One night I resolved to escape it all. I left the shop a little after nightfall, and made my way to the barren rocks before the observatory hill. There the workmen, who had been mending the old sea-wall, had left a great pile of cut freestone at the very edge of the sea. Now it is my habit to compose myself to sleep lying on my left side, and after a little while I always unconsciously turn and sleep upon my back. I therefore climbed to the summit of the stones, and stretched myself upon my left side, facing the land, at the extreme verge of the precipice. I knew that I should sleep soon, for I was very weary. Then after a while I would turn in my sleep, and fall into the sea. I could not swim; the water was deep, the sea-wall slippery; thus would come the end, for boats were far, and probably no one would hear my drowning cries. The resolve gave me a blessed sense of relief and joy which I had not known for months. I felt it was an evil thing to commit suicide, but I appeased my conscience with this reflection: should I fall as I hoped and die, it would not be suicide, seeing that it would take place in my sleep. I stopped just there, fearing argument, for conscience is an untiring debater. I put the whole responsibility upon Providence. I said to

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myself, “As God wills, so it will come to pass. If He wishes me to live, He will not let me turn.”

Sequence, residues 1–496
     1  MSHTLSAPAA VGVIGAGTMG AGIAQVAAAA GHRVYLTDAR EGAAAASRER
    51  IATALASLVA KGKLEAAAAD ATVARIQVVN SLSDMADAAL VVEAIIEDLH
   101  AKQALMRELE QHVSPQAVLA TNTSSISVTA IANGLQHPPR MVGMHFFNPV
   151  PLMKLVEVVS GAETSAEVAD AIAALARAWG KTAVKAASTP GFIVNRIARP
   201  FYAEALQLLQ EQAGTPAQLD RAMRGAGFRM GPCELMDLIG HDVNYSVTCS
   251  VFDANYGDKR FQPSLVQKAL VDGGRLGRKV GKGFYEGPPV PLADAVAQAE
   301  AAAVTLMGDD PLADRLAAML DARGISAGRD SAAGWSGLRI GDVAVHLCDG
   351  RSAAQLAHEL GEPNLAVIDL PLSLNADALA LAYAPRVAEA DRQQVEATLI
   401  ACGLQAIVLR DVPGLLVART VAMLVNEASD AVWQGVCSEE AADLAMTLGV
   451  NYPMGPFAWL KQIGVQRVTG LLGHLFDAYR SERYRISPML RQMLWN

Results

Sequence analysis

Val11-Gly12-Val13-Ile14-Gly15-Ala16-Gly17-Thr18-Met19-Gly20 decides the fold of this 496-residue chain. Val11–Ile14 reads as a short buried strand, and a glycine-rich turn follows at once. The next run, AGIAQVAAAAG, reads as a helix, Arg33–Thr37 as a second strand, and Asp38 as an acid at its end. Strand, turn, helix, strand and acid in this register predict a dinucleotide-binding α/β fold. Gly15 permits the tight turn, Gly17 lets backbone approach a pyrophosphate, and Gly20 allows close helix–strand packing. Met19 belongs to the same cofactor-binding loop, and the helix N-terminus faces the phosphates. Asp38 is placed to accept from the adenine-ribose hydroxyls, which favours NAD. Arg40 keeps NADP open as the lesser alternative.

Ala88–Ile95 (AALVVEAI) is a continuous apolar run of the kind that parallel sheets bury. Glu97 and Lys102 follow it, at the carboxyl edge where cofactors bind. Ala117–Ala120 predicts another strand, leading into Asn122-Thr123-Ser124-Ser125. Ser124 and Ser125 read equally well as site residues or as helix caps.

So it fell out. Before many moments I was wrapped in sound and dreamless [?] slumber. I awoke without a start. Hours had passed. Something soft but firm circled my body. A great full golden moon had risen, which bathed the world in a flood of amber radiance. It was almost bright as day. A woman held her arm about me to prevent me falling, with her other hand she clutched an escarpment of rock; she was kneeling on the stones. Another woman held the lapel of my coat with both hands; she was also kneeling, but her body was bent backwards to give her leverage. They had evidently determined to save my life. I thought at first one was Judith Kelly, but her voice swiftly dispelled the illusion; a beautiful voice, which, although full of anxiety, was nevertheless deep toned, musical, and sweetly modulated.

“Are you awake?” she asked.